Airbnb has successfully launched an SA programme to socially empower locals. It has already trained 15 new hosts in townships across the Western Cape.
To celebrate World Tourism Day, Airbnb announced the success of their pilot programme that focuses on training people in underprivileged areas. The programme was created to uplift and socially empower locals by providing home share training.
The programme was developed in collaboration with Open Africa, the South African College of Tourism and the Cape Innovation and Technology Initiative (CiTi). It has a focus of 10 modules that teach hosts how to list their home on Airbnb, to managing online payments and create a compelling guest experience.
The pilot programme consisted of 15 locals, most of whom were women, from townships across the Western Cape. It’s Airbnb’s vision to spread the benefits of tourism, previously kept in the hands of a few, to the many. The programme is officially open to anyone.
The typical host on Airbnb in South Africa shares their home for 16 days a year and earns an additional 28,000 ZAR a year. Half of the hosts in South Africa use the income from hosting on Airbnb to help afford to stay in their homes.
This is an entirely new source of income for those in up and coming communities and townships. Focusing on tourism is a brilliant thing, it creates jobs and boosts the local economy.
“Airbnb is empowering people and communities that have not previously benefited from tourism. Through the Airbnb platform, people can finally gain access to the tourism industry, earn additional income and showcase the best of their community to guests from around the world.” – Velma Corcoran, Country Manager South Africa at Airbnb
Not only are Airbnb on board with the changes that are coming, but the local government believes this will be a great benefit as well.
“Inclusive tourism expands access to the tourism sector, which employs over 200 000 people in the Western Cape. It is our goal to make sure that more residents are able to benefit from this growing sector.”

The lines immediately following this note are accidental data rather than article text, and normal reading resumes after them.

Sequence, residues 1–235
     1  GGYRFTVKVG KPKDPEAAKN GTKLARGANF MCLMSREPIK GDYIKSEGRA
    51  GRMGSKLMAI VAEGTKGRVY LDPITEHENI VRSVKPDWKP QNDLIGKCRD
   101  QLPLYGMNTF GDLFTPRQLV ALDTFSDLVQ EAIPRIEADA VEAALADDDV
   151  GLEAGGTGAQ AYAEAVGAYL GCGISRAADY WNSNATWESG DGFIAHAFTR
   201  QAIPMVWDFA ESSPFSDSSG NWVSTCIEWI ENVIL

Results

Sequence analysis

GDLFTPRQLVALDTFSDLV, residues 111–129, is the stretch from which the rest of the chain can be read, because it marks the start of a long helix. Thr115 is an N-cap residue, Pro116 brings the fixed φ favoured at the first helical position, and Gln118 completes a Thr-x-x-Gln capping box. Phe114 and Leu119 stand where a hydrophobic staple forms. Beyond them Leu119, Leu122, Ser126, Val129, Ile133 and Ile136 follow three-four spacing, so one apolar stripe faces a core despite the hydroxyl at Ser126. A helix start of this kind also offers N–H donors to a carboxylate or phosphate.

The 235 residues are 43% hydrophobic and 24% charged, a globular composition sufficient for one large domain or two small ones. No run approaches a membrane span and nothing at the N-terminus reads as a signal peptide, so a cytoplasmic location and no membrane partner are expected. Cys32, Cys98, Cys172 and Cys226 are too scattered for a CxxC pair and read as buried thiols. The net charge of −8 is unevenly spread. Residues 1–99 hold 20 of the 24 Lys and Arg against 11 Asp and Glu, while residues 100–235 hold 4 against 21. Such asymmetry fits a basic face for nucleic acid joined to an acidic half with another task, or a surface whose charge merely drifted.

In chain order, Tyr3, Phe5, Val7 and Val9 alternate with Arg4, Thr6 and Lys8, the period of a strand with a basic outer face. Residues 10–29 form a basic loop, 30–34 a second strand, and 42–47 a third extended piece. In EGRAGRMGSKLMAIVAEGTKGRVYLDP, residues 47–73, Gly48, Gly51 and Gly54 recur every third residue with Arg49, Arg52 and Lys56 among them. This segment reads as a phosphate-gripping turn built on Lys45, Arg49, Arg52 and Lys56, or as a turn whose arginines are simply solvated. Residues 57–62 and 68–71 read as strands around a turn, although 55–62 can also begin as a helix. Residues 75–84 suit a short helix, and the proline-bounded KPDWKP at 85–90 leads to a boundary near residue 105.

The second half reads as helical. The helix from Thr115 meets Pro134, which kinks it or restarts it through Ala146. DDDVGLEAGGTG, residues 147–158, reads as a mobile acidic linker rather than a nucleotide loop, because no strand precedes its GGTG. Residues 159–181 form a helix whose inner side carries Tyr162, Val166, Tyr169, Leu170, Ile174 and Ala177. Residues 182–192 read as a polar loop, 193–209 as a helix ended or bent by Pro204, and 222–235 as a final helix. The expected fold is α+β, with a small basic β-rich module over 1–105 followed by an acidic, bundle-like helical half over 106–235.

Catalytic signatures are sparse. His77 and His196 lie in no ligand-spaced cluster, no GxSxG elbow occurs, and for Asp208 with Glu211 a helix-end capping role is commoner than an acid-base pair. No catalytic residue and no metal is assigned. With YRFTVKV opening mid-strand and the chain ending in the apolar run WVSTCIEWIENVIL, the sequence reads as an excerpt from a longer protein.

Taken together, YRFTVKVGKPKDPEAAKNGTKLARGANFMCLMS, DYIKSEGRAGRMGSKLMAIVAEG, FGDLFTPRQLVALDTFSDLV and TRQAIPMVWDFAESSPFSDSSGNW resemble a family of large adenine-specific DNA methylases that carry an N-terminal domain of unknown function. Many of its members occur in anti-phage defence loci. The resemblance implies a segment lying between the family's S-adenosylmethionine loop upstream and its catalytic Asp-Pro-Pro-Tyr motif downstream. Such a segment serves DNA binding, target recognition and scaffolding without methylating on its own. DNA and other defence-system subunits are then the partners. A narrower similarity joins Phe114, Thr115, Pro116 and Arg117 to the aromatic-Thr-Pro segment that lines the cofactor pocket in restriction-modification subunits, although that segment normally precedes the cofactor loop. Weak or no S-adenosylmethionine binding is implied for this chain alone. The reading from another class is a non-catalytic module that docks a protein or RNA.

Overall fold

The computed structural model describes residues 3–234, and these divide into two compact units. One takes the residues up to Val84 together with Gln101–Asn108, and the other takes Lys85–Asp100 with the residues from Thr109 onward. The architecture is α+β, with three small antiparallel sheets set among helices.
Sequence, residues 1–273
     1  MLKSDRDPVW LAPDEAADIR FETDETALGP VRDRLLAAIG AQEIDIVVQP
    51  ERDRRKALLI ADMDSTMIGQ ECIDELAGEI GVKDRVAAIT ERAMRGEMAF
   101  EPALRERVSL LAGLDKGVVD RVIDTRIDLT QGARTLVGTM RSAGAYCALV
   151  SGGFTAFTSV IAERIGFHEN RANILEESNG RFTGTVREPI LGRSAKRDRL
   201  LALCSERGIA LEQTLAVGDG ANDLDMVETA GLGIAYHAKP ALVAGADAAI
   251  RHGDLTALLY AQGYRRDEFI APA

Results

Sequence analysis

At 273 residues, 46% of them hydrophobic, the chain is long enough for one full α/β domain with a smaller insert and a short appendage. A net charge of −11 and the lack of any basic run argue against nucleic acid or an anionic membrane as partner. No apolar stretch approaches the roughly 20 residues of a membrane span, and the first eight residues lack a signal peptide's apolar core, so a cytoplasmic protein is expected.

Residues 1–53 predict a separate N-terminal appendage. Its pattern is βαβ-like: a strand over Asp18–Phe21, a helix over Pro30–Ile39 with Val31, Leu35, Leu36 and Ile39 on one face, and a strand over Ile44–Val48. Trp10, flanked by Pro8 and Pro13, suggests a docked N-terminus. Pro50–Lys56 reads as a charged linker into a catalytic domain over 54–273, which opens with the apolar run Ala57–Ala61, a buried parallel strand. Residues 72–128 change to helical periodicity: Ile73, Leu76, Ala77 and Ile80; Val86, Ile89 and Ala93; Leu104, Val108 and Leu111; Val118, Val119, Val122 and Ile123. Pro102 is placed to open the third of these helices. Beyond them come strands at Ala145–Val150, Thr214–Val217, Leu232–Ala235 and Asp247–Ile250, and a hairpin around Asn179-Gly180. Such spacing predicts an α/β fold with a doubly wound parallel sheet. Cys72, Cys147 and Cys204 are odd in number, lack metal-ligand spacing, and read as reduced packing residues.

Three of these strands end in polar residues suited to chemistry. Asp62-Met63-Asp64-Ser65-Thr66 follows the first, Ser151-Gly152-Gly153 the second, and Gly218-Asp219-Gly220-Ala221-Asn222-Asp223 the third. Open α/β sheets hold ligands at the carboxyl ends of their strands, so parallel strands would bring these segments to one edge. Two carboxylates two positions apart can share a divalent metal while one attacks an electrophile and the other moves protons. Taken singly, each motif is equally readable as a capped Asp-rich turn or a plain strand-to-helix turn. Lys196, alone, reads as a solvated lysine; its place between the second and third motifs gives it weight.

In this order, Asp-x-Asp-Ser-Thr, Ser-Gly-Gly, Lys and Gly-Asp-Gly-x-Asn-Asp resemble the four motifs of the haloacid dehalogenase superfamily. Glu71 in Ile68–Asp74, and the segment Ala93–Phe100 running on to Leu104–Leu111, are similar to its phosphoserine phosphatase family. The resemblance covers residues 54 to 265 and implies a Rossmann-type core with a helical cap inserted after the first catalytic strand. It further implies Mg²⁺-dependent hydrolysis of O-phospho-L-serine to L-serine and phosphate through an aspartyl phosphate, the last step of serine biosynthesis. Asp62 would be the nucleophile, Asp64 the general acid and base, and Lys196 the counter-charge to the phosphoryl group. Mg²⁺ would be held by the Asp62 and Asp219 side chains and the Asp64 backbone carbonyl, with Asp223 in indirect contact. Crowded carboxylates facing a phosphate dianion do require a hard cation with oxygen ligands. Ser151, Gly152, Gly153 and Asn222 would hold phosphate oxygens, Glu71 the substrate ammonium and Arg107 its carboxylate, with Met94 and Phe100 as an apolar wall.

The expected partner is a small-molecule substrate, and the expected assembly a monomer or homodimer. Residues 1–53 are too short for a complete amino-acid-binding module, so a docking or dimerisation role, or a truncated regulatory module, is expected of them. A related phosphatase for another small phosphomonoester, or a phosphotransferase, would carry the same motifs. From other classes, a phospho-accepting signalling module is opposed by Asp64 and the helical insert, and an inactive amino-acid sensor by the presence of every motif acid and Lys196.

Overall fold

“Platforms like Airbnb are enabling more people to participate in the tourism industry to earn additional income and, in turn, help support themselves, their families and their communities. The shared tourism economy also lets tourists learn and understand more about our people and our cultures.” – Alan Winde, the Minister of Economic Opportunities in the Western Cape Government
Maria Maile, a programme participant and host on Airbnb from Khayelitsha, gained knowledge about hospitality and technology. She even managed to build relationships with other participants in the programme. Maria feels these relationships will be beneficial to her as she grows her own business.
“We were all interested, open-minded and loving. We’ve now formed our own community. We hold meetings once a week and decided to start a fund so we can travel to other group members if they need help. Our group is about helping each other and finding ways to motivate others from different communities.”
Chris Lehane, Airbnb’s Head of Public Policy and Public Affairs, will be in South Africa in October to share more on how Airbnb is boosting African economies and how everyone can continue working together to spread tourism benefits to local families and their communities.